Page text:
A soil mix like a 50/50 mix of peatmoss & perlite, is simple and reliable for rooting and growing peperomias.
Most peperomias will propagate from leaf cuttings like African violets. The best time for propagation is spring, but rooting can also be done in fall.
- Cut off leaf along with a little stem
- Stick several leaf cuttings in one pot
- Press or tamp soil down around cuttings after watering
- Cover pot with a plastic bag or “soda bottle” – put several holes in bag or soda bottle
- Leave pot in normal room temperature
- Remove plastic bag or soda bottle regularly for fresh air and prevent rotting
- New plants will start growing from leaf base
- When plants are rooted well and big enough they can be repotted into individual pots
Peperomia Pest & Problems
Peperomias belong to a unique group of plants which have few pests or diseases attacking them. They greatest enemy is probably neglect.
However, peperomias do have a few maladies.
Fading Dull Leaves – When a peperomia plant has dull looking leaves, it is usually caused from light which is too strong.
Remedy – Move the plant to more shade.
Discolored Leaves and Flowers – This condition usually happens from over watering.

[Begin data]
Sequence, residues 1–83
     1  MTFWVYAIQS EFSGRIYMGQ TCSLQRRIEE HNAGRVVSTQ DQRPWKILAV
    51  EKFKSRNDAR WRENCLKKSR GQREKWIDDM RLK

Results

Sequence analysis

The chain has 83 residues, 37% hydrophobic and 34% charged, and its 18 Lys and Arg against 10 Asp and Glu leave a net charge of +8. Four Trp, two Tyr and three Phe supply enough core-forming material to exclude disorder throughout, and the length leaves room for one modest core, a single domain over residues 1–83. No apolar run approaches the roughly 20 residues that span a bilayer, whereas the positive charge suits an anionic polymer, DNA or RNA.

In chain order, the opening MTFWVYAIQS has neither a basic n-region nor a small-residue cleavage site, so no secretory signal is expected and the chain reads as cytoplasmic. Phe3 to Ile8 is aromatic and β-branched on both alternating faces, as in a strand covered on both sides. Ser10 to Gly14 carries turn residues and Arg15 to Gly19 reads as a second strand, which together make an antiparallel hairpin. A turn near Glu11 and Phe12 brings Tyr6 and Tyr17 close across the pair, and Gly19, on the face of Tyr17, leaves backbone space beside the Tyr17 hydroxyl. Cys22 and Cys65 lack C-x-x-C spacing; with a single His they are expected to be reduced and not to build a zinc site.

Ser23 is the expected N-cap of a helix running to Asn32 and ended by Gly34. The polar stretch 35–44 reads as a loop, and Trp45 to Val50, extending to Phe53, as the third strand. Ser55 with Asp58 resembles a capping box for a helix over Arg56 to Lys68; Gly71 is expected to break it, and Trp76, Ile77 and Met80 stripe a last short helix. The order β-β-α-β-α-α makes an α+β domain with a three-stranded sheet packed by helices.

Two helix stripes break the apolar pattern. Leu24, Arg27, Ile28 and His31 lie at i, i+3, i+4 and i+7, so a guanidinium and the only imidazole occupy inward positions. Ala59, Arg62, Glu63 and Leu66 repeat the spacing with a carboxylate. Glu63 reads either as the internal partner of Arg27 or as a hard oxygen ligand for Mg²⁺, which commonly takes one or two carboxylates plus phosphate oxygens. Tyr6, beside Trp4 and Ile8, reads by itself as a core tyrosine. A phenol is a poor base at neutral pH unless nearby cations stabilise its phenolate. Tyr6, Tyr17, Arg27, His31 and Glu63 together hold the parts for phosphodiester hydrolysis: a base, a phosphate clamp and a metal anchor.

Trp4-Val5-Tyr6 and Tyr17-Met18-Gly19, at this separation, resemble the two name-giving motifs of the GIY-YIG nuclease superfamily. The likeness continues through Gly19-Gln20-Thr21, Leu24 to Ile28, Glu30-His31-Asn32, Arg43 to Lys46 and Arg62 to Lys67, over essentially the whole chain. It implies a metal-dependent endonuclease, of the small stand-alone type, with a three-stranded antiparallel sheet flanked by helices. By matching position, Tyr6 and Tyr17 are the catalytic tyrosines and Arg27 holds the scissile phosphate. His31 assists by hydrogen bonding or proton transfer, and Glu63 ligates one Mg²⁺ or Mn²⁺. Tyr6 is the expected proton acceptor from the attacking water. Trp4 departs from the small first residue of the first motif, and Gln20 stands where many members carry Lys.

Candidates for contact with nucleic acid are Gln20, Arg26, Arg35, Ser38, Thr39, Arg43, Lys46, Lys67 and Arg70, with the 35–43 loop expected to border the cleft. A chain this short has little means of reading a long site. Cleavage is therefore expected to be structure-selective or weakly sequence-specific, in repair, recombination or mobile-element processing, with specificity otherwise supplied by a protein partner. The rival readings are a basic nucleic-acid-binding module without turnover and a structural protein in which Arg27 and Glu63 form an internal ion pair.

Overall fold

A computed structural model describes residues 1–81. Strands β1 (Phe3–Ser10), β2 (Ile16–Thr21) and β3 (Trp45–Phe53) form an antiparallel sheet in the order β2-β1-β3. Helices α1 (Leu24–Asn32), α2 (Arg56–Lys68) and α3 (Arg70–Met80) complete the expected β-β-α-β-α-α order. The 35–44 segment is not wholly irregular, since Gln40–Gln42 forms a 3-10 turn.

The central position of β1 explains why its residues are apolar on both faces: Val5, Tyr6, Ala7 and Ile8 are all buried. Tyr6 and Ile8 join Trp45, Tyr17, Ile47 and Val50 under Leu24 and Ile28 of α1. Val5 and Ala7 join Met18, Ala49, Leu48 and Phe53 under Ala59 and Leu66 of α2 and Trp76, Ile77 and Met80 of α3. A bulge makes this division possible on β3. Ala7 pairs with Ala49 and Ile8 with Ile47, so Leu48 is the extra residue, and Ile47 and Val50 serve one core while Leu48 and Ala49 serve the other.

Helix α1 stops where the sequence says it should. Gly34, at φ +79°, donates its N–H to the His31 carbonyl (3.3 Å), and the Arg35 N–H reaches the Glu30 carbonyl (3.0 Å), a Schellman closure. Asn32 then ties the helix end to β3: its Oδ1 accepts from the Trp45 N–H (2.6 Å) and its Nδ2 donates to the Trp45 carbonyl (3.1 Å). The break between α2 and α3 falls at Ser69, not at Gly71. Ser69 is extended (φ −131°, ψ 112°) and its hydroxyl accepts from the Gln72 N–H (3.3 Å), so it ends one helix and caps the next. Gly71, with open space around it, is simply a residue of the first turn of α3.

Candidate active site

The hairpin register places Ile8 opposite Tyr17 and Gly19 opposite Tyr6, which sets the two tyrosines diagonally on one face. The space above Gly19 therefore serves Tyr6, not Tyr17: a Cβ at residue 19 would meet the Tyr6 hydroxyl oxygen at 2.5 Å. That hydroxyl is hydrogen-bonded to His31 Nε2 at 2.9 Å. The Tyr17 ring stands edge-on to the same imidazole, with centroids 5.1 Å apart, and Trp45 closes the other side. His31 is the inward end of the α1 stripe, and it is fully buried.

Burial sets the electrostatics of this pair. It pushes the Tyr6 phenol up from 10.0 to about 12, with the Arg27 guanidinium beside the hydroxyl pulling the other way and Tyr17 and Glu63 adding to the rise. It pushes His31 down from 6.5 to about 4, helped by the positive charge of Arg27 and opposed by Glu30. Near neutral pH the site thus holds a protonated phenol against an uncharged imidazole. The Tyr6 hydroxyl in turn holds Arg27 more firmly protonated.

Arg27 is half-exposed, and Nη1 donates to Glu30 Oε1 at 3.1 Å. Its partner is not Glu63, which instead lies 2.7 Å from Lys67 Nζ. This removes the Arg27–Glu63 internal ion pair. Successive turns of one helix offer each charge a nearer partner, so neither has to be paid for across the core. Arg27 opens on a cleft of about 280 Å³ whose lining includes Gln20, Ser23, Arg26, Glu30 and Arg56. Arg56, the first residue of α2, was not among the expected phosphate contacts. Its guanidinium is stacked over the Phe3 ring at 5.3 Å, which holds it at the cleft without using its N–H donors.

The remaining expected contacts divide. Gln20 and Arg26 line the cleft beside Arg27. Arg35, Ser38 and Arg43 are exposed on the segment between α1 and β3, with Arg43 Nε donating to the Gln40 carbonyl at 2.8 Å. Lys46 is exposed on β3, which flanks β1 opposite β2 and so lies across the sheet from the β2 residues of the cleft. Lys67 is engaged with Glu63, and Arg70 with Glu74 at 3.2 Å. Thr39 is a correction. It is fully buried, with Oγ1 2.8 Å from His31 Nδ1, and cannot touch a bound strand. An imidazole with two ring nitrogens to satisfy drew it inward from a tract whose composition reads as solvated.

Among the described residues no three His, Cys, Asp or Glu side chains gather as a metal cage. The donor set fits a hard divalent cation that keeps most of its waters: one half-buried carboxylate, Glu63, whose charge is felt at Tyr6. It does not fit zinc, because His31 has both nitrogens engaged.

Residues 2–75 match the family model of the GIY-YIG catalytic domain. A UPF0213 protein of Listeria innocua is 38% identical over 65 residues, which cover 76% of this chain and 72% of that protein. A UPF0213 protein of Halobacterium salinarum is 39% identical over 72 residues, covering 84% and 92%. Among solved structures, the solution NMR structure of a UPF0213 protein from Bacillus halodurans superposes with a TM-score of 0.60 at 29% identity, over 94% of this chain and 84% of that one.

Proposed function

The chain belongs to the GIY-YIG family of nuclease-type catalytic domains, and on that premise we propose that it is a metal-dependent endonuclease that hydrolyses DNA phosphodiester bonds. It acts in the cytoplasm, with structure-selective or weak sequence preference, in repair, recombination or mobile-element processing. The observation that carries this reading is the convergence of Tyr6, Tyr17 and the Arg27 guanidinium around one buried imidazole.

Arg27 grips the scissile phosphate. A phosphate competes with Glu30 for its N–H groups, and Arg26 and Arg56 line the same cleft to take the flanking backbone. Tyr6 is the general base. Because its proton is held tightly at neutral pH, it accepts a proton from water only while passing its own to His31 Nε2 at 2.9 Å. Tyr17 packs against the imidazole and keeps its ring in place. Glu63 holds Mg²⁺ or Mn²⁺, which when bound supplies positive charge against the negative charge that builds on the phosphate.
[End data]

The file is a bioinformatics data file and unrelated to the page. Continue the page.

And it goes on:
Remedy – Allow the soil to dry out and avoid getting water on the leaves which can sometimes cause them to rot.
Peperomia Questions & Answers
Leaves Of Large Peperomia Dropping Off?
Question: Can you tell me why the leaves of my large peperomia are dropping off? I have had it a number of years and would hate to lose it. Darcy Lincoln, Nebraska
Answer: Darcy, your plant may be taking a natural rest and signals its need by dropping the older leaves. If this is the case, do not water so often and withhold all fertilizer until new growth is obvious.
HOWEVER… If it has not been repotted in fresh soil in a long time, this may be the time to repot.
Be certain that the base of the plant has not rotted.
If this happens, the ends of the stems where they join the base of the plant turn to watery, tan colored mush.
Peperomias sometimes rot in this manner when overwatered, especially in soil that does not drain readily.
Your plant was originally potted in spongy, loose soil. However, over time the soil breaks down into smaller particles and compacts reducing its ability to properly drain.
If you diagnose the trouble as rot, spread a newspaper out on your kitchen table, tap the plant and soil out of the pot.
Shake the soil away and wash roots clean so you can determine what portion of the plant has rotted and what part is still healthy.
Using a sharp knife, salvage the parts of the plant that have not yet rotted.
Peperomias form many rosettes of leaves as they mature. To root one of these, remove the lower leaves and dust the cut portions with a rooting hormone like this (such as Rootone if you have it), and insert in moist, fresh soil.
Placed back in a sunny window, the cutting should root quickly and form a handsome new plant within a few months.
Peperomia Caperata – Mouse Tails